"Welcoming the ongoing efforts by the Government of Haiti to control and eliminate the cholera epidemic, the progress made in reducing the incidence of cholera in Haiti, and urging the United Nations country team in coordination with other actors to continue to support the Government of Haiti in addressing the structural weaknesses, in particular in the water and sanitation systems, and underscoring the importance of strengthening the Haitian national health institutions, and recognizing United Nations efforts to combat cholera, including through the Secretary-General’s initiative to support the National Plan for the Elimination of Cholera; stressing the importance of adequate and sustainable support with particular attention to rapid and targeted medical responses to outbreaks designed to reduce the threat, welcoming the visit that the Secretary-General undertook in July 2014 to Haiti, and taking note that he, among other things, launched jointly with Prime Minister Lamothe the “Total Sanitation Campaign” as a key initiative against cholera, and the creation of the High-Level Committee for the Elimination of Cholera,
"Emphasizing that progress in the reconstruction of Haiti, as well as in Haiti’s social and economic development, including through effective, coordinated, commendable international development assistance and increased Haitian institutional capacity to benefit from this assistance, are crucial to achieving lasting and sustainable stability, and reiterating the need for security to be accompanied by social and economic development, including efforts in risk reduction and preparedness that address the country’s extreme vulnerability to natural disasters, efforts in which the Government of Haiti plays a leading role,
"Welcoming the continued development of the Government of Haiti’s Framework for the Coordination of External Aid (CAED) as its preferred donor coordination mechanism and venue for supporting the Government of Haiti’s development priorities and welcoming also the increased joint programming of the United Nations country team in Haiti in alignment and coordination with the Government-endorsed Integrated Strategic Framework, and welcoming also the commitment to foster greater alignment of international assistance with national priorities, increase transparency and strengthen mutual accountability, as well as the need for stronger coordination,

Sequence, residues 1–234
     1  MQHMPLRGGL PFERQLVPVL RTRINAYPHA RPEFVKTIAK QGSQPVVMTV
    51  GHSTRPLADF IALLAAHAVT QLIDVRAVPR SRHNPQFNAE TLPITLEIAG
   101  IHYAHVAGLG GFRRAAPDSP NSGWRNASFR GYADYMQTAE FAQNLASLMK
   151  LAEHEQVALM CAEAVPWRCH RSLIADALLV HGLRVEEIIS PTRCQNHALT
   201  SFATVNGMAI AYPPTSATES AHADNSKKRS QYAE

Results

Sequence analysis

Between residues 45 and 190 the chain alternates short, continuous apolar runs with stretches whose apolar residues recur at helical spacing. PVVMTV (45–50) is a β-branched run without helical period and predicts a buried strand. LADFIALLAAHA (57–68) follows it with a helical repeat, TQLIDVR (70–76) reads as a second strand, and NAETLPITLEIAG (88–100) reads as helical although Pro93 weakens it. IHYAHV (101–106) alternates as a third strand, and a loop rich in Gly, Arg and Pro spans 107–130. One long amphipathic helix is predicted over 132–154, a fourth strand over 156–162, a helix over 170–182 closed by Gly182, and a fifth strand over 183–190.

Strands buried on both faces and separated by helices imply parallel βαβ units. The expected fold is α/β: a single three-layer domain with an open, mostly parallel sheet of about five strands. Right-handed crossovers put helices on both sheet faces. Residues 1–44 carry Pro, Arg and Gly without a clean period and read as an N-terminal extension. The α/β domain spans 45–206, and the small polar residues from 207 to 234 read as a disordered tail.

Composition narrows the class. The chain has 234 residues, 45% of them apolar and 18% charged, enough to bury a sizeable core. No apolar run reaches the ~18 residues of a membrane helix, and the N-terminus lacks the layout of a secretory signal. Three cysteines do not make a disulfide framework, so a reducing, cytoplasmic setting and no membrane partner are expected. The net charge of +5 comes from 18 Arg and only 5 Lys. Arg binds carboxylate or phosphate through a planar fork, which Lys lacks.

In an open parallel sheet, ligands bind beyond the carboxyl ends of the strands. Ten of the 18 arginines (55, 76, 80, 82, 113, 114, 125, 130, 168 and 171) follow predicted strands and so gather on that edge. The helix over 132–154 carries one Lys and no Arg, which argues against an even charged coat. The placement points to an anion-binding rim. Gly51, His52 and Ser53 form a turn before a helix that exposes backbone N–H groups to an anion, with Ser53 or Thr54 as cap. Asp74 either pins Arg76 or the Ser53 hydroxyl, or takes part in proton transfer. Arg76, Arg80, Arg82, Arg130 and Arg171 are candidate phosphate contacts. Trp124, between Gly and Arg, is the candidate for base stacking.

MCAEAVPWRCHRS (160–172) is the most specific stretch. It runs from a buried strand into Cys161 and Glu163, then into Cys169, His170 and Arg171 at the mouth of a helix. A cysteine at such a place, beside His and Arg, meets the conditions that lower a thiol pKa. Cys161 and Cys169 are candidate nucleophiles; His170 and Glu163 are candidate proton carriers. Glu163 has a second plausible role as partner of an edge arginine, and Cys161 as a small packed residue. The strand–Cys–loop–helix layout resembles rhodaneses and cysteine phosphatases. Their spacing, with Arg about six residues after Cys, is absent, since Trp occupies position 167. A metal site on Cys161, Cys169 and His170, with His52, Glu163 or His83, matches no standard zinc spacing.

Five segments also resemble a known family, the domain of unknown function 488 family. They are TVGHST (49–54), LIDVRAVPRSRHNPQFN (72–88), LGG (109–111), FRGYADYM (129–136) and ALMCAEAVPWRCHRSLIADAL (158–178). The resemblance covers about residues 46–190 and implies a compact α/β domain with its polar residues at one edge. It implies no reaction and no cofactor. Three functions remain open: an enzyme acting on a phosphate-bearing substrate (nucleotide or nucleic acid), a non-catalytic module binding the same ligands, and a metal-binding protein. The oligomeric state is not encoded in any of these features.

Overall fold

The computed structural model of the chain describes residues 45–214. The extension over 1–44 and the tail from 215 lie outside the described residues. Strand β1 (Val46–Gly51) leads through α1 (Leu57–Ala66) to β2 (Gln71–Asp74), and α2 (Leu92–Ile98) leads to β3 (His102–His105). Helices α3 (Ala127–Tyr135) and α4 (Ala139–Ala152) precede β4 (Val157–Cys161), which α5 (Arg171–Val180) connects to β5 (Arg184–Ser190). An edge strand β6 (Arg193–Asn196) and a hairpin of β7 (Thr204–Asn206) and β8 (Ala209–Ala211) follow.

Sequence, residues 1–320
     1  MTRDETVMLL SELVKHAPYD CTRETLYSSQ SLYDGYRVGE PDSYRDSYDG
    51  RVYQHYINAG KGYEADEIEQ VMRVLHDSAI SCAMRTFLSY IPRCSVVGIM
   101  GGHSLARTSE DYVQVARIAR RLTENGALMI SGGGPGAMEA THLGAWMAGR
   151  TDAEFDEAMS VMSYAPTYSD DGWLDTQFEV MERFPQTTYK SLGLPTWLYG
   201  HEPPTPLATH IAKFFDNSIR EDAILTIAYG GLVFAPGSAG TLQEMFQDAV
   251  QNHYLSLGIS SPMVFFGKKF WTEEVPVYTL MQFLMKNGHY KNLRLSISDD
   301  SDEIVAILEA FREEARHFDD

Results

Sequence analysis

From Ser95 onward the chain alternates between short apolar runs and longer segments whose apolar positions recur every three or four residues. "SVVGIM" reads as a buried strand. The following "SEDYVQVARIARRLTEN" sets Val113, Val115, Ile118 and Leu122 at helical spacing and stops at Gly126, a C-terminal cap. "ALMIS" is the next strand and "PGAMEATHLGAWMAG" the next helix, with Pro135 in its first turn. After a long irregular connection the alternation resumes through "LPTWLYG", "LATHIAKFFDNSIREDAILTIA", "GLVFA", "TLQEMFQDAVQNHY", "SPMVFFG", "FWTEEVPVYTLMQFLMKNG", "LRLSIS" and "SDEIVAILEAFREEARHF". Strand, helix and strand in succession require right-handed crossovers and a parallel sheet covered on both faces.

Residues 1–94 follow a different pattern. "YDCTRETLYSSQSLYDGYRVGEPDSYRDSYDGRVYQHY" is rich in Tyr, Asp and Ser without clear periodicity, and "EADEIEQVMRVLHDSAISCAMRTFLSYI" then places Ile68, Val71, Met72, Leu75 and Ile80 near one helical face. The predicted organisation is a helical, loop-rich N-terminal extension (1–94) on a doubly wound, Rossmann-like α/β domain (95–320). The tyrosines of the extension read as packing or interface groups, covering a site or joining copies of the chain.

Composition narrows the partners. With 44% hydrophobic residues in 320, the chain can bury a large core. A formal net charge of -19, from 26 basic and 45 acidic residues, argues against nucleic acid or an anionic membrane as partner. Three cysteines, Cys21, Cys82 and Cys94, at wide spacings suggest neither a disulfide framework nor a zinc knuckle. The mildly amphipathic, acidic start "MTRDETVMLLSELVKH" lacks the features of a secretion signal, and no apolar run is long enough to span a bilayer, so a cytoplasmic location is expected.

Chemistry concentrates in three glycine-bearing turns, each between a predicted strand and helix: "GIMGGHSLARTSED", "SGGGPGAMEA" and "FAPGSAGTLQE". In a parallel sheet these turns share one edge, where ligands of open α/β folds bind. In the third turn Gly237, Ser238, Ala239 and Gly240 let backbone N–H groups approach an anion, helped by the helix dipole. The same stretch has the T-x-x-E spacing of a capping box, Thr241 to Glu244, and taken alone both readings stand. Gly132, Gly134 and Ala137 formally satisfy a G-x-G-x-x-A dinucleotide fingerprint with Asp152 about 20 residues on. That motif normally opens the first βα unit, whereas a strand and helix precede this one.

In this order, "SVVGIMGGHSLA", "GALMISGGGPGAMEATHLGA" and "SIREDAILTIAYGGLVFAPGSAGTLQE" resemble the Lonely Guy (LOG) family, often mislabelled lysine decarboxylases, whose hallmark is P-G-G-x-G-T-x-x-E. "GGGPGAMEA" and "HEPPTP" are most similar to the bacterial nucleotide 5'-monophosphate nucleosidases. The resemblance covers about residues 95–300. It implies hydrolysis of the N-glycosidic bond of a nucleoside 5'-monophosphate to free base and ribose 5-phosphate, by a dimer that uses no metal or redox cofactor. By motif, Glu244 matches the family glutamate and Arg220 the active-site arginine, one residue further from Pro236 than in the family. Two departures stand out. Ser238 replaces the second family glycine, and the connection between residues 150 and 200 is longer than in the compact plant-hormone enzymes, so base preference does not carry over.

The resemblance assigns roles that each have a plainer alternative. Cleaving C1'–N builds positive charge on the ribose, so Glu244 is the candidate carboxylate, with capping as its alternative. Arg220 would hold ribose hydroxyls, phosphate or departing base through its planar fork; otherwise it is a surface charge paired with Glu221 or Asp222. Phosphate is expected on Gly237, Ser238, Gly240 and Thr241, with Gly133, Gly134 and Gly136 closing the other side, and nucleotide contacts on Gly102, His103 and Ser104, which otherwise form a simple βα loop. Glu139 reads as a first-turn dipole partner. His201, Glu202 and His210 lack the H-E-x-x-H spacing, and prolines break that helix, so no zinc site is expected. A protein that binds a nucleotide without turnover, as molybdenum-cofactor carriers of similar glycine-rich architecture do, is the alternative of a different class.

"Urging donors to complete the pledges made at the 2010 New York Conference in order, inter alia, to help promote access to services and jobs for the most vulnerable, and underlining the Government of Haiti’s responsibility to provide clear guidance to donors on its priorities and to facilitate delivery of assistance to those most in need,
"Emphasizing the role of regional organizations in the ongoing process of stabilization and reconstruction of Haiti and calling on MINUSTAH to continue to work closely with international financial institutions, regional and subregional organizations, and other stakeholders, in particular the Organization of the American States (OAS), Union of South American Nations (UNASUR), and the Caribbean Community (CARICOM),
"Welcoming the continued efforts of the HNP to patrol and enhance its presence and engagement directly with the population; recognizing MINUSTAH’s continued community policing efforts, in close coordination with camp committees, in camps for internally displaced persons, and welcoming their engagement with the population,
"Expressing serious concern that sexual and gender-based violence, especially against women and children, remains a substantial problem, particularly in marginalized districts of Port-au-Prince, remaining internally displaced persons camps and remote areas of the country,
"Recognizing that strengthening national human rights institutions as well as respect for human rights, including of children, and due process and combating criminality, sexual and gender-based violence, and putting an end to impunity and ensuring accountability are essential to ensuring the rule of law and security in Haiti, including access to justice,